It tells us of the battle for Quiddity, the dream-sea that humankind swims in no more than three times in each life. Arch-enemies Fletcher and The Jaff wage a war for the secrets of the dream-sea and knowledge of “The Art” through their children, except those children fall in love. Conflicting loyalties – oh, and Armageddon – then threaten a Californian town with buried secrets.

5. Sacrament (1996)

Barker coming out as gay in the early 90s was a brave decision, and his publishers were nervous about this novel having a gay central character. Will Rabjohns is a wildlife photographer whose life changes after a near-death experience. He is flung back to visions of his childhood and time spent with two mysterious, seemingly immortal travellers, themselves bent on witnessing the deaths of the last representatives of animal species. A powerful, visionary, fever-dream work echoing millenial (and post-millenial) fears of environmental collapse, it sold well beyond the fears of his publishers, proving that who a character chooses to sleep with really doesn’t matter. One of his lesser-known works, but one of his best.

6. The Hellbound Heart (1986)

You know Hellraiser already: this is the novella that birthed it. Frank Cotton uses a magical box to unlock the doors of a world of unknown pleasures. Except that domain’s definition of pleasure isn’t necessarily the same as ours. A highly original take on the Faust legend (see below), the Cenobites were a new breed of monsters that tapped into a late 80s S&M zeitgeist. Pinhead (never named as such), great a character as he is, suffers by over-exposure in the film’s many sequels. Here, and in the original film – like the xenomorph in Alien – less is more. You could read this in a rainy afternoon, and you should.

7. Coldheart Canyon (2001)

This is good fun, and perhaps languishes so low in this list because I came to it late. Fading actor Todd Pickett emerges from plastic surgery to find devastating results, and takes refuge from the world’s media in a mansion in the eponymous canyon. The mansion, though, has secrets. Once the home of a silent movie heroine with bizarre tastes, it contains a room whose tiles – from roof to floor – depict a savage medieval hunt. Is that a trick of the light, or do the pictures move?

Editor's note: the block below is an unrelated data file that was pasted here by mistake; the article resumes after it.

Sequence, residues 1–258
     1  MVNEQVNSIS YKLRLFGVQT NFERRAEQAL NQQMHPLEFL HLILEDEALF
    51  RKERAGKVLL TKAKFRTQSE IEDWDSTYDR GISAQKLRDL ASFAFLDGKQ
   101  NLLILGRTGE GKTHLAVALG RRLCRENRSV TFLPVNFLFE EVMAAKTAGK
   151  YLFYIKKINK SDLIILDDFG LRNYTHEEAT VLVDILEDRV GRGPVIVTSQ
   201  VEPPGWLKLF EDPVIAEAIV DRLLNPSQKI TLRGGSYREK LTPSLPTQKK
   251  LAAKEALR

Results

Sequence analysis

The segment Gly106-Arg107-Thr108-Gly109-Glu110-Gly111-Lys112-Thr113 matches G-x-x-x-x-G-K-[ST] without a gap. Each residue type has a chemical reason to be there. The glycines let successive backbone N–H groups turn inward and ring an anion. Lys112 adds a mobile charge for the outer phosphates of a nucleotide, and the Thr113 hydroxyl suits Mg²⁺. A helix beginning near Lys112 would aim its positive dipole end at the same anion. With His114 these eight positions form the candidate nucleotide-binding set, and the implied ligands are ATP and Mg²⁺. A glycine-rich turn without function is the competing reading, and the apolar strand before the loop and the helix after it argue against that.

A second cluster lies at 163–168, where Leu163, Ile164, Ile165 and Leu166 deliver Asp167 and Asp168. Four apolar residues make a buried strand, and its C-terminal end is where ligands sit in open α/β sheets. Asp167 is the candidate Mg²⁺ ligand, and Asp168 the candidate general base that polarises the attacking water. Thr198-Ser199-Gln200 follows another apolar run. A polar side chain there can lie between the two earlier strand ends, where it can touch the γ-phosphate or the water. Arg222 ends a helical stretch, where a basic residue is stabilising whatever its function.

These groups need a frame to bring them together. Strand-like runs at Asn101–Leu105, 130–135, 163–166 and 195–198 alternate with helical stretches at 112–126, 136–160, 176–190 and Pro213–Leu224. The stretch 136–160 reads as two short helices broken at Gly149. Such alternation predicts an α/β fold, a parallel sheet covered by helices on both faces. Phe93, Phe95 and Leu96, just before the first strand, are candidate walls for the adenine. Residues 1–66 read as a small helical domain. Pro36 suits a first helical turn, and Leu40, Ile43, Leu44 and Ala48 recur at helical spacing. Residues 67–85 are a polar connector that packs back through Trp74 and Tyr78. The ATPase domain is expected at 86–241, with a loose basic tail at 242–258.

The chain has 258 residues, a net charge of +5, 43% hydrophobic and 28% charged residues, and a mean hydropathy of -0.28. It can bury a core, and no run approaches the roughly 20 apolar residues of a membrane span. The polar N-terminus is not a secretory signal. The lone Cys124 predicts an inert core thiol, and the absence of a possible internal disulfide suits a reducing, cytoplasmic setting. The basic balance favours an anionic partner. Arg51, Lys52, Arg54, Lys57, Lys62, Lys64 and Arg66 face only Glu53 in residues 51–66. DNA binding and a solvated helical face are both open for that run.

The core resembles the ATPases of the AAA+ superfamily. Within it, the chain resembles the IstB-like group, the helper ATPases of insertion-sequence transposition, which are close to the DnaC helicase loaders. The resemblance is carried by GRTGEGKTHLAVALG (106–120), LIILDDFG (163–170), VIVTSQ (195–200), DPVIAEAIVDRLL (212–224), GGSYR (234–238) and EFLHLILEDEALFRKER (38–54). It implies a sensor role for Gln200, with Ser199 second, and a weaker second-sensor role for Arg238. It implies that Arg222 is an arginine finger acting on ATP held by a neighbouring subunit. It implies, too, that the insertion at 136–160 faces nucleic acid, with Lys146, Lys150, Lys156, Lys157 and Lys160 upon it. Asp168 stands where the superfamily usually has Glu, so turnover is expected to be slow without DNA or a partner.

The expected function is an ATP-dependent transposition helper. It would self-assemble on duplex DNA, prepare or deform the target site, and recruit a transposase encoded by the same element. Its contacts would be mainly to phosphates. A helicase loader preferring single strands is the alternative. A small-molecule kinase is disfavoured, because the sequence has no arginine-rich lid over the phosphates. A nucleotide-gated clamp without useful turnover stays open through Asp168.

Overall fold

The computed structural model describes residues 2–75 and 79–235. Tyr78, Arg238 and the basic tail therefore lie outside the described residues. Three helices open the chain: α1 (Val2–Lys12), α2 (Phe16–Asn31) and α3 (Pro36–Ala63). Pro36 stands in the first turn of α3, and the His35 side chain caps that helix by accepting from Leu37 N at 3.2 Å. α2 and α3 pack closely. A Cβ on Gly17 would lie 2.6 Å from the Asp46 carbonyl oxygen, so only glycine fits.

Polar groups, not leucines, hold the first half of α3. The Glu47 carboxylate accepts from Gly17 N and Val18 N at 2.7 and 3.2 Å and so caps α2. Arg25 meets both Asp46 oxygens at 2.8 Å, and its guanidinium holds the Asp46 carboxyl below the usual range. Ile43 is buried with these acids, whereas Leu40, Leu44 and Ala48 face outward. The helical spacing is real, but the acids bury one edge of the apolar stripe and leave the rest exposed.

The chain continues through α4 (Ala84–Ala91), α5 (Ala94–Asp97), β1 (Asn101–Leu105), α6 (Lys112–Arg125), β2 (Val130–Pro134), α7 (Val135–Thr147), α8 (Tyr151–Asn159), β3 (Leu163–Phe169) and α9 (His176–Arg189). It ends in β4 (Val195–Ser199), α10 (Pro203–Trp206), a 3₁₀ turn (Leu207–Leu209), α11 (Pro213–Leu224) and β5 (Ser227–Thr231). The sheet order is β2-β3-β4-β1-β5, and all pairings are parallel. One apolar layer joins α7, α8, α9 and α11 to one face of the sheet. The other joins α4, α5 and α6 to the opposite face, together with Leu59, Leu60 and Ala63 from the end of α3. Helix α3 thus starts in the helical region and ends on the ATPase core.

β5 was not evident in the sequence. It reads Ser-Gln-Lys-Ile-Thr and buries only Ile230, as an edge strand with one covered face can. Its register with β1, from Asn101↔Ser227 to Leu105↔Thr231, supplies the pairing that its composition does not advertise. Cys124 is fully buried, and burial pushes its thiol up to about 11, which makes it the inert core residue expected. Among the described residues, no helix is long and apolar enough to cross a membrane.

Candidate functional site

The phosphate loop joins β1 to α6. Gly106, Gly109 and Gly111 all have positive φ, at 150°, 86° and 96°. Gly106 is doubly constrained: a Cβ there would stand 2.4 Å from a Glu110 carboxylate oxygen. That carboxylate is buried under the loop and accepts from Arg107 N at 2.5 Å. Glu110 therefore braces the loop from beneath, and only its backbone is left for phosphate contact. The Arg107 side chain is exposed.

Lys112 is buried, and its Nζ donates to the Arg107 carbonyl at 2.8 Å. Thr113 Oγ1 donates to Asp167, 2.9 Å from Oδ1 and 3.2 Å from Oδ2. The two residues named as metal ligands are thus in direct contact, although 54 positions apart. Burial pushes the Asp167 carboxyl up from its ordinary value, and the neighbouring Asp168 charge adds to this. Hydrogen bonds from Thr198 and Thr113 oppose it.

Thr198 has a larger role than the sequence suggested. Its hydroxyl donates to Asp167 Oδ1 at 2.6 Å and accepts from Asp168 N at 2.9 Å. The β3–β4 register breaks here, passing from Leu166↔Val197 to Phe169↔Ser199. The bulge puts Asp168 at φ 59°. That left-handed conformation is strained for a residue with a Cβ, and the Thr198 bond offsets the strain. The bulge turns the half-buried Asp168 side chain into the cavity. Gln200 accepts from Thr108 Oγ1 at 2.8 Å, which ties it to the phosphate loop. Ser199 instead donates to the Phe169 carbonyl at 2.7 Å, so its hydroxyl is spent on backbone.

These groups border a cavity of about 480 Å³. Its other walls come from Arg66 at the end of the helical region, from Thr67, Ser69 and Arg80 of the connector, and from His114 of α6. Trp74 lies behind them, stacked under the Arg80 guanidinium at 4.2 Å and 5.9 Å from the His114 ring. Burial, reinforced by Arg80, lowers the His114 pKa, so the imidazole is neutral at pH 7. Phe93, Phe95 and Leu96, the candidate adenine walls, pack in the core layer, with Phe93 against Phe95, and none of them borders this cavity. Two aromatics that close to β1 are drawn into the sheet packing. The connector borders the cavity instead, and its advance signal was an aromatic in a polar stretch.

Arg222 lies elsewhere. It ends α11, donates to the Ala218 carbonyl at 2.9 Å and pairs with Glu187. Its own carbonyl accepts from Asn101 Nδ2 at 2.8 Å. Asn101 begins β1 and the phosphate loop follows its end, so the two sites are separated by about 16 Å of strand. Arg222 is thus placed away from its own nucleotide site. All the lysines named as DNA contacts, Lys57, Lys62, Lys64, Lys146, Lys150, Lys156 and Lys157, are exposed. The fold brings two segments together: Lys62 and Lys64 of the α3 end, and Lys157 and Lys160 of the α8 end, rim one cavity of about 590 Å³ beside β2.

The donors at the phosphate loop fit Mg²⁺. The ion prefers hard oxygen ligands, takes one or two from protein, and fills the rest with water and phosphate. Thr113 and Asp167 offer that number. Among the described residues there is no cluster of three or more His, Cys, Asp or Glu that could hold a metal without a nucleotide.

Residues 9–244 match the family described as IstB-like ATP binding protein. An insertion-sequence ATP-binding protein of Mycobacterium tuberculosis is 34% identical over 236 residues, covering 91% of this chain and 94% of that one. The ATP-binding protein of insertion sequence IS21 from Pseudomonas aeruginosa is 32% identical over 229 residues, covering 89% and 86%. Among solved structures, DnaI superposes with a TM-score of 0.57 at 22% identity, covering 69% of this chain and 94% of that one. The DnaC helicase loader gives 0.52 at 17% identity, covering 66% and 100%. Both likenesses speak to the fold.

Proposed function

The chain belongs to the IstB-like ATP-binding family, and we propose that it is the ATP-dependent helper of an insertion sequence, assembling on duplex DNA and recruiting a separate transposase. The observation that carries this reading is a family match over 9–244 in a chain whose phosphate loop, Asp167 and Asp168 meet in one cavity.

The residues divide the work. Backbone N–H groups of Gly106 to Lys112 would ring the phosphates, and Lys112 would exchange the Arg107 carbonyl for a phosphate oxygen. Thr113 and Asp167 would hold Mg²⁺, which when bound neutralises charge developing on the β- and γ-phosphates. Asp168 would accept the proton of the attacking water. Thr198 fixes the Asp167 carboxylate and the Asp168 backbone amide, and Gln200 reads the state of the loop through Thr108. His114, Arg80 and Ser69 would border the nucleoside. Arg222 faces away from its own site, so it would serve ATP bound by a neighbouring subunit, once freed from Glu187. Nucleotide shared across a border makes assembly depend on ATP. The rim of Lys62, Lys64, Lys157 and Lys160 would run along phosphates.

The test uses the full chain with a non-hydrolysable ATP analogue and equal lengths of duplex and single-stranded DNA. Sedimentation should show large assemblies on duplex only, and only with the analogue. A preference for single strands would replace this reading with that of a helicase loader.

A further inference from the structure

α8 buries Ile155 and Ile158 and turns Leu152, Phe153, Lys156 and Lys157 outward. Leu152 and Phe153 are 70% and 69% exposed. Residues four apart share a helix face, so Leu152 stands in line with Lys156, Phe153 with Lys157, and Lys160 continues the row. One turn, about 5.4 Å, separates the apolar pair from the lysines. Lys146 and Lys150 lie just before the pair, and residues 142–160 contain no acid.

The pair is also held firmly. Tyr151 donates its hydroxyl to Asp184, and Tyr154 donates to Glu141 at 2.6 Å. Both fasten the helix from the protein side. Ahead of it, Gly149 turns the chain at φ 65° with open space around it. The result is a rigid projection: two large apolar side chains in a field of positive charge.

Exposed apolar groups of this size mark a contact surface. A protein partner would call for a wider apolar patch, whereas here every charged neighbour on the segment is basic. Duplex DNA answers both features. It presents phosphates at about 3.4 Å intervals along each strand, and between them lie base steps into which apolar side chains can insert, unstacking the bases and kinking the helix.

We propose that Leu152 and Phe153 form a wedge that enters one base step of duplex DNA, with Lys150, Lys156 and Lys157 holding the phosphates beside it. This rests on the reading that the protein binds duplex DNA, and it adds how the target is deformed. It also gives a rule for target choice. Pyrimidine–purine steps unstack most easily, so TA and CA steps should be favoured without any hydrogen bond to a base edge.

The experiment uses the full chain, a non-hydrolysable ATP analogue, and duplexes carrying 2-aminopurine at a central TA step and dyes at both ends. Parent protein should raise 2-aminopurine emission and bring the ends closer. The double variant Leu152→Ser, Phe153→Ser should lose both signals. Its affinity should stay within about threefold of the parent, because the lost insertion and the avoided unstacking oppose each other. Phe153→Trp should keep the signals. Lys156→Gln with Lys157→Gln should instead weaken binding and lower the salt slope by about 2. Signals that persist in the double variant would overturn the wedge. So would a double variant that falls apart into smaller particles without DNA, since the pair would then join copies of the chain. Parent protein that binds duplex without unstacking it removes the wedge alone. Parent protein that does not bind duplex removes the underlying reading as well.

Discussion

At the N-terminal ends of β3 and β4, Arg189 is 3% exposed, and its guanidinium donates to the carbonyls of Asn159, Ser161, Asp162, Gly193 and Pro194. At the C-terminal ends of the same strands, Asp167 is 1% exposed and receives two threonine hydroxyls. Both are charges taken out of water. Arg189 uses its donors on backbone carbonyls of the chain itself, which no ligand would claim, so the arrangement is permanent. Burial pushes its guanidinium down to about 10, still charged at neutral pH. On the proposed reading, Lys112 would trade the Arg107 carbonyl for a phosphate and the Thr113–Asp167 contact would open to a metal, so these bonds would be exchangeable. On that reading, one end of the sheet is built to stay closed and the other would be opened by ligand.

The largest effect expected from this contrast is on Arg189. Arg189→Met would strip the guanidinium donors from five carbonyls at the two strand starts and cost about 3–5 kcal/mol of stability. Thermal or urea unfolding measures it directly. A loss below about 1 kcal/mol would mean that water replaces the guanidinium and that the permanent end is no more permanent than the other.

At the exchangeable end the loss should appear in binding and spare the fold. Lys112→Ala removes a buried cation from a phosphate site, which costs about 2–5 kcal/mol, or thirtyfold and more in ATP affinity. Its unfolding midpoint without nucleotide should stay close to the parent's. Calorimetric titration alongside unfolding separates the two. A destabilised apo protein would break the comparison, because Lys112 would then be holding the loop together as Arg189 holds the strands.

8. The Damnation Game (1985)

Barker’s first novel, speed-written to capitalise on the unexpected success of the Books of Blood. A re-telling of Faust, Marty Strauss is released from prison into the employ of Joseph Whitehead, a wealthy industrialist whose deal was with an all-too-human devil. Time to repay the debt, but Whitehead is not willing.

Probably the most dated of Barker’s work, and much more of a thriller than either his previous horror or later dark fantasy. It tries to be all three and doesn’t quite manage, but is perfectly readable nonetheless.

9. Everville (1994)

Or, “The Second Book of the Art”, i.e. the sequel to The Great and Secret Show. Quiddity is still threatened, and the veil between our world and that one is thin. Everville is another town with secrets, a crossroads of America at which opposing forces will meet.

Although it has flashes of brilliance and some truly memorable characters, for me it fails to do what The Empire Strikes Back did in making the dark midpoint of a trilogy be the strongest part (though this particular trilogy is still unfinished). Barker was brave with some of the decisions he makes in this book: who lives and who dies, and how happy-ever-after are happy-ever-afters? But, equally, some parts are unconvincing. The shores of Quiddity in particular seem much more drab and mundane than any wonders we’d been promised and make you wonder if the battle is worth it in the end.